Born to a Jewish family in Düsseldorf in 1797, Heinrich Heine attended university, became part of a scholarly circle that founded the academic discipline of Jewish studies, converted to Lutheranism (obtaining, in his own words, a “passport to European civilization”), and lived for most of his life in Paris, where he earned his reputation as one of the greatest poets in the German language. Reviewing a new biography of the poet by George Prochnik, along with a new translation of Heine’s Hebrew Melodies—a cycle of Jewish-themed poems—Neil Arditi notes that “no biography of Heine could possibly satisfy the demands of every Heine reader. Arditi writes:
Heine is a particularly challenging subject for biographical study. A satirical sharpshooter whose own coordinates shifted with the occasion, he viciously skewered others for the character flaws he shared with them. There was something fundamentally performative about his personality. . . . The mask never came off unless to make way for a new mask, a new persona.
In France, Heine had held his Jewish heritage at arm’s length, casting himself as a “Hellenist”—a follower of Dionysus—and espousing a libertinism that was either feigned or largely hidden from view. In the opposing camp—“the Nazarenes”—he conveniently lumped together Jews and Christians alike, disowning both.
Yet something changed during Heine’s last eight years, which he spent bedridden and semi-paralyzed after collapsing at the Louvre in front of the Venus de Milo.
[S]uffering, he now suggested, had stripped him down to his tragic and irreducible identity as a Jew. “I am no longer a divine biped,” he announced in the Augsburg Gazette in 1849, one year into his long-drawn-out deathbed ordeal. “All I am now is a poor Jew sick unto death, an emaciated image of wretchedness, an unhappy man.” To the astonishment and horror of his former friend Karl Marx, it soon became apparent that Heine had also embraced the idea of a personal God, more or less modeled on the God of his fathers.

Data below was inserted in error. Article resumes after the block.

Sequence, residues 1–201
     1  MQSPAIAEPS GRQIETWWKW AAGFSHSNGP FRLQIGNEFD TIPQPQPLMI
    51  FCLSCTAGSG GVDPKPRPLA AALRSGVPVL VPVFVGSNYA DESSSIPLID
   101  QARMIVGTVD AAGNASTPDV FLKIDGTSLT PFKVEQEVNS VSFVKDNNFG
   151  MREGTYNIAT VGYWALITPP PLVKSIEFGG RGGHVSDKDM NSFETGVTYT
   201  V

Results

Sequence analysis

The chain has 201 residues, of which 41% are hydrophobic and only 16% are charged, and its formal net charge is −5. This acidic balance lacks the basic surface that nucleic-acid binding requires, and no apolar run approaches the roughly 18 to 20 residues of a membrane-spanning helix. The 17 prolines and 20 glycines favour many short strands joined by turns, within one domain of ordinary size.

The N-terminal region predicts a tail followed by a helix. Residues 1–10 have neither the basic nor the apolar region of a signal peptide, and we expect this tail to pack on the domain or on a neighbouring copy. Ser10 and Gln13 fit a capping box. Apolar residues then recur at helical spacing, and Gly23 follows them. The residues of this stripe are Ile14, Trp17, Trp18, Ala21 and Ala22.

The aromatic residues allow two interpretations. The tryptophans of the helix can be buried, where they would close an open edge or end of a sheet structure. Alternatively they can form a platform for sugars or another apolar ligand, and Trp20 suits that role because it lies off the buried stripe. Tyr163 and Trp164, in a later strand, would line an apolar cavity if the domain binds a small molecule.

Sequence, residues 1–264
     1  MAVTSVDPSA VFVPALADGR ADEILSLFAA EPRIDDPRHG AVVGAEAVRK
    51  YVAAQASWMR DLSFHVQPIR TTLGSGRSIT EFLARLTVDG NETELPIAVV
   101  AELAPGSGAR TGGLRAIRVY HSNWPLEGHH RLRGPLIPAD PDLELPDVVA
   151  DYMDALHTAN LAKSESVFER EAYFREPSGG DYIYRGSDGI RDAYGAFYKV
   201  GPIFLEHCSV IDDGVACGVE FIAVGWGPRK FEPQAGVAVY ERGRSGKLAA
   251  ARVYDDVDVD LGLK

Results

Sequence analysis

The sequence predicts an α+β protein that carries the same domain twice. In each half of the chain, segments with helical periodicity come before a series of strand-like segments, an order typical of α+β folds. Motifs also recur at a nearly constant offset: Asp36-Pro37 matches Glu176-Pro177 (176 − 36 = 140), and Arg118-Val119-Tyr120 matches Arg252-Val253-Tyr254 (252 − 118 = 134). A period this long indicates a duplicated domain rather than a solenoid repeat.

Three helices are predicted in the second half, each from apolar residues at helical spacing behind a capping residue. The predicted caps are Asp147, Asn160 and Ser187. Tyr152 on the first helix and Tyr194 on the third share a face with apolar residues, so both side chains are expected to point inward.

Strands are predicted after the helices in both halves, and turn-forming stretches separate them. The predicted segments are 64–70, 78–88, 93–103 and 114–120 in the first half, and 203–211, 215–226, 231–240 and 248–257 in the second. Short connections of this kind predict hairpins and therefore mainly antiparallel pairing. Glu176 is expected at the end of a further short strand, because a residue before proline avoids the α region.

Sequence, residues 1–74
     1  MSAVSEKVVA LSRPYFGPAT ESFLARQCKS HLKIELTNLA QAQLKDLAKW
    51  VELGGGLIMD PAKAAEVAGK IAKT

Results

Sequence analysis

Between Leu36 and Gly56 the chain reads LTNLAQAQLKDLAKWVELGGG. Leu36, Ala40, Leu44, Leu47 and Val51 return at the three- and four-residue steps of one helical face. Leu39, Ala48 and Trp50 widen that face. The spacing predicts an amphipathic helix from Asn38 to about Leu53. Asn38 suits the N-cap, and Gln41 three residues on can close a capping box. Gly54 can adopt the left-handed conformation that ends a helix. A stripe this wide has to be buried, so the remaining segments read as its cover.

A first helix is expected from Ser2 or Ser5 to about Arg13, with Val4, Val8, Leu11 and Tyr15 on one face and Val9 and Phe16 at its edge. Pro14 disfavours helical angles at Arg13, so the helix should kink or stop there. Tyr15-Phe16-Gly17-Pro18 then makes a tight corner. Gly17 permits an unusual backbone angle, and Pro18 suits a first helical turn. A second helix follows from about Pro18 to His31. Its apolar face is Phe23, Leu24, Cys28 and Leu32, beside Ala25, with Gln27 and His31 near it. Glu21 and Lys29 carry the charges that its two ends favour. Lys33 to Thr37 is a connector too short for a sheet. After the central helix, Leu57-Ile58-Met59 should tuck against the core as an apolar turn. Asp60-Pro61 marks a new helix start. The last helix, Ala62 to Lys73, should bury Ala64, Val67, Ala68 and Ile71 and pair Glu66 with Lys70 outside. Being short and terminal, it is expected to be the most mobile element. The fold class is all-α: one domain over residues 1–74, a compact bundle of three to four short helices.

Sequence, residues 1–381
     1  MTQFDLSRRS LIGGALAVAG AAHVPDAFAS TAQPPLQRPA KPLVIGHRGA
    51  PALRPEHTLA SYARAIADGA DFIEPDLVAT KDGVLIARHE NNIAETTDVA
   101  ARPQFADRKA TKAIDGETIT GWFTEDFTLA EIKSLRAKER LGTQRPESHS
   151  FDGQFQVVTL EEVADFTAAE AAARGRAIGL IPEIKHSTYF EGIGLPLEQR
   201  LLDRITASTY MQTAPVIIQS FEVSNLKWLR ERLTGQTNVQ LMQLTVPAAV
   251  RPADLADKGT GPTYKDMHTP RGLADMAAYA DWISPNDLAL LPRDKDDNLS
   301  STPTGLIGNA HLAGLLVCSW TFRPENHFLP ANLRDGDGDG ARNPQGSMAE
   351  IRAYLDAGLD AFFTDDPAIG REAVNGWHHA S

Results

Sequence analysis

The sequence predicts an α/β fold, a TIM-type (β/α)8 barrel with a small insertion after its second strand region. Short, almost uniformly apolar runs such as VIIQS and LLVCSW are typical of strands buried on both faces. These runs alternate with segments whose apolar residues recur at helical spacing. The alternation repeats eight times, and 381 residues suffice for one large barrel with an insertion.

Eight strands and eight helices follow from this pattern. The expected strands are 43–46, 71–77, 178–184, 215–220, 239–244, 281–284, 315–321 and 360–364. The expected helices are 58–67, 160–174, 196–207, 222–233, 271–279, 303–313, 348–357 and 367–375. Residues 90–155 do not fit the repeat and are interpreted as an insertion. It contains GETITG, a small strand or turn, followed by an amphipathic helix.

Was Heine’s “return to God” sincere? The question is impossibly vexed by his genius for irony, which never abandoned him. Even his illness is presented as a joke orchestrated by the Divine Comedian—a creator made in his own image. Heine dubbed him “the Great Aristophanes of Heaven.” If His joke made Heine wince, he could at least admire its superior wit. “Alas, God’s mockery weighs heavily upon me,” he wrote near the end of his Confessions. “How miserably I trail behind Him when it comes to humor, to jesting, on a colossal scale!”
Read more on Jewish Review of Books: https://jewishreviewofbooks.com/jewish-history/11059/dionysus-and-the-schlemiel/